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Eugenie Bouchard: Will 2023 Mark The Return Of The Canadian Tennis Star?

Eugenie Bouchard achieved international recognition with her 2012 Wimbledon Junior championship. She reached the singles final at Wimbledon 2014, becoming the first Canadian to reach a Grand Slam final. Her supermodel looks and tennis success made her a superstar. WTA tried to push her as the next Maria Sharapova and succeeded to an extent. However, she failed to win any Grand Slam and maximize her potential until she suffered a serious shoulder injury which made her miss 18 months of action. Now, Eugenie Bouchard is on a comeback trail, and in this post, we will find out more about it. Let’s get started.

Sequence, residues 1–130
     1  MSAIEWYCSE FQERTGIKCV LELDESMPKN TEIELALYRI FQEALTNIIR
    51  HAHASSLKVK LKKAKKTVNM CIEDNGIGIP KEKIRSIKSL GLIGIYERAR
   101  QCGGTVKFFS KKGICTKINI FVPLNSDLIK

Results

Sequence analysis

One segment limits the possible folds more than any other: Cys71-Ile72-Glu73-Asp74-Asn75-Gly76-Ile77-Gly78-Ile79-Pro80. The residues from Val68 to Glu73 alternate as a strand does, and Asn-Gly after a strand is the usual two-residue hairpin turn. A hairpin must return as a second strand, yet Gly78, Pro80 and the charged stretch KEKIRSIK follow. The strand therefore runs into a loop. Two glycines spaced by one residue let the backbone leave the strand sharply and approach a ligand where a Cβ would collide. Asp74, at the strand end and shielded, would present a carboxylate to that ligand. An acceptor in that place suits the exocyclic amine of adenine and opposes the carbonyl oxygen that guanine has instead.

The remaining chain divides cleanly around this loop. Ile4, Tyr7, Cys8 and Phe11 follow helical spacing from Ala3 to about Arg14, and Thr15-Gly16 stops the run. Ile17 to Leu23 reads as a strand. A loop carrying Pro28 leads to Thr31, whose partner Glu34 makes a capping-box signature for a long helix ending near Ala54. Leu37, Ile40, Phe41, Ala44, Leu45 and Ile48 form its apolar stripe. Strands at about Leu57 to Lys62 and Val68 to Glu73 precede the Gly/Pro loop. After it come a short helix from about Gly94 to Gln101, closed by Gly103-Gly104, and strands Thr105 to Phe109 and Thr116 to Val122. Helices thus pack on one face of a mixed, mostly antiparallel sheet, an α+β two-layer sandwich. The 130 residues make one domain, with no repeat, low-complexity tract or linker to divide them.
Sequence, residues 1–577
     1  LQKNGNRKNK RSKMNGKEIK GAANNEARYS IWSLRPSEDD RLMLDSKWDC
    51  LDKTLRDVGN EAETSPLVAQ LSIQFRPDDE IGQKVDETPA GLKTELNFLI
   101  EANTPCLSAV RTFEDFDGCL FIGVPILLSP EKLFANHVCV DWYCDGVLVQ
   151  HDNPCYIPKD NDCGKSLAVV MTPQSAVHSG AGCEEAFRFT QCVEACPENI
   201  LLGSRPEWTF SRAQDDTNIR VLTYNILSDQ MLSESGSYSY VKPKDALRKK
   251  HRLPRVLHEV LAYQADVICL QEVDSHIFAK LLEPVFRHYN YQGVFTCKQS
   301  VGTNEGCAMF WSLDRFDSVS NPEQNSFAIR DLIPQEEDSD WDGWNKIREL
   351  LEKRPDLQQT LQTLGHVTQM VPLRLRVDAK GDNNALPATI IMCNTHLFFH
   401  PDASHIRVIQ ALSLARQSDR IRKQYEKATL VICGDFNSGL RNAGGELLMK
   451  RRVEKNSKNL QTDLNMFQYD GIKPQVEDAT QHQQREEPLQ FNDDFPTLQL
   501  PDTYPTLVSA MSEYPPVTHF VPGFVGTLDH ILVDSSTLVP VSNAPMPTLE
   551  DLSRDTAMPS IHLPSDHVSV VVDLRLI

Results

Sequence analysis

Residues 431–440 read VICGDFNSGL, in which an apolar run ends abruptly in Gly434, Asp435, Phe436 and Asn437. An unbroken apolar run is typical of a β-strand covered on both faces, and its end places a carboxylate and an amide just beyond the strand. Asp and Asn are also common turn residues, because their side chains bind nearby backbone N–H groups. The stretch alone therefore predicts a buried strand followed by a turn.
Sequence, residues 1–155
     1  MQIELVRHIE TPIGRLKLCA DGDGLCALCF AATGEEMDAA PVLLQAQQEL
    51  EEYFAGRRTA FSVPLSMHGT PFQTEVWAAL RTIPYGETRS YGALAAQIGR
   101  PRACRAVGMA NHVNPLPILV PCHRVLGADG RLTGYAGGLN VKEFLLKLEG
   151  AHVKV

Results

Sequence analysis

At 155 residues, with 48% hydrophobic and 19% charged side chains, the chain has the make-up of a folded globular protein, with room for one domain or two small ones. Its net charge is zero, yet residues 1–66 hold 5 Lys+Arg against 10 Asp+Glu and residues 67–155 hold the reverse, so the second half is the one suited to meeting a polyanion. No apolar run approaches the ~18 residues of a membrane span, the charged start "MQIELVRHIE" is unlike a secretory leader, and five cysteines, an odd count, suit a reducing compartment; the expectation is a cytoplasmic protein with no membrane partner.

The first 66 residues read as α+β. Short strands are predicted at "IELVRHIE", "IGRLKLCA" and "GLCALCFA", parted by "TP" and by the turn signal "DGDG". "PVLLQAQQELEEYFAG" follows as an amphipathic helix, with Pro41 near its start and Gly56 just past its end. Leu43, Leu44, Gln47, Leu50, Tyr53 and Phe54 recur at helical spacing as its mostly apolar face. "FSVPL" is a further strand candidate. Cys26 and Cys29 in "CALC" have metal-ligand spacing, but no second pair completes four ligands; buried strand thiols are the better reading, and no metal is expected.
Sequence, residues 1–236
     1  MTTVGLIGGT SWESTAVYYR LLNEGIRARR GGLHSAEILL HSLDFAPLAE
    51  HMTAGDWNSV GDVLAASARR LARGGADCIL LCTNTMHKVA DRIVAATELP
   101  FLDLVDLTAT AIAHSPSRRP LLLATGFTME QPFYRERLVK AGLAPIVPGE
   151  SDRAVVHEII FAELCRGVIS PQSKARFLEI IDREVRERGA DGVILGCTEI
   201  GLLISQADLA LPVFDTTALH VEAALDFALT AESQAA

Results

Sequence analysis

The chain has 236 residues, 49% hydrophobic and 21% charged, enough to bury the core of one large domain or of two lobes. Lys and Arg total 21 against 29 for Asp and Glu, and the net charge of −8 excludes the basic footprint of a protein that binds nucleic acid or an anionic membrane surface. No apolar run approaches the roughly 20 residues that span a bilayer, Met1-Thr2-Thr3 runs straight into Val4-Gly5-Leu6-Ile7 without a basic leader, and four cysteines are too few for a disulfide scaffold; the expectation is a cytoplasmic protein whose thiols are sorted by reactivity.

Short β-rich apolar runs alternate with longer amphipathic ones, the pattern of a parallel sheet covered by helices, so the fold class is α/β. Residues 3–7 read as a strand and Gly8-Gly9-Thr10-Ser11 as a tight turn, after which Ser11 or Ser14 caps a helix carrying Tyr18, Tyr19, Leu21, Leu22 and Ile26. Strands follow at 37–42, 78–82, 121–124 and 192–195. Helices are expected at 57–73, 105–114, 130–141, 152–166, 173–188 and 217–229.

Eugenie Bouchard: The Comeback Queen Of 2023?

What is Eugenie Bouchard’s background?

Eugenie Bouchard was born on February 25, 1994 in Montreal, Canada. She is one of the twins of Mike and Julie Bouchard. The other is fraternal twin Beatrice Bouchard, who is 6 minutes older. She also has a sister named Charlotte born in 1995 and a brother named William born in 1999. She and her twin, Beatrice, are named after the daughters of Prince Andrew, Duke of York. She was raised in Montreal with an English education at Westmount. She was known for her proficiency in Maths and Science and even considered a career as a physician.

How did Eugenie Bouchard start playing tennis?

Eugenie Bouchard started when she was 5 years old. She is a member of Tennis Canada’s National Training Center based in Montreal. She was educated at The Study and Westmount High School. At the age of 12, she moved to Florida, where she met one of her childhood best friends, Laura Robson, where Nick Saviano began coaching her. She went back to Westmount for practice when she was 15.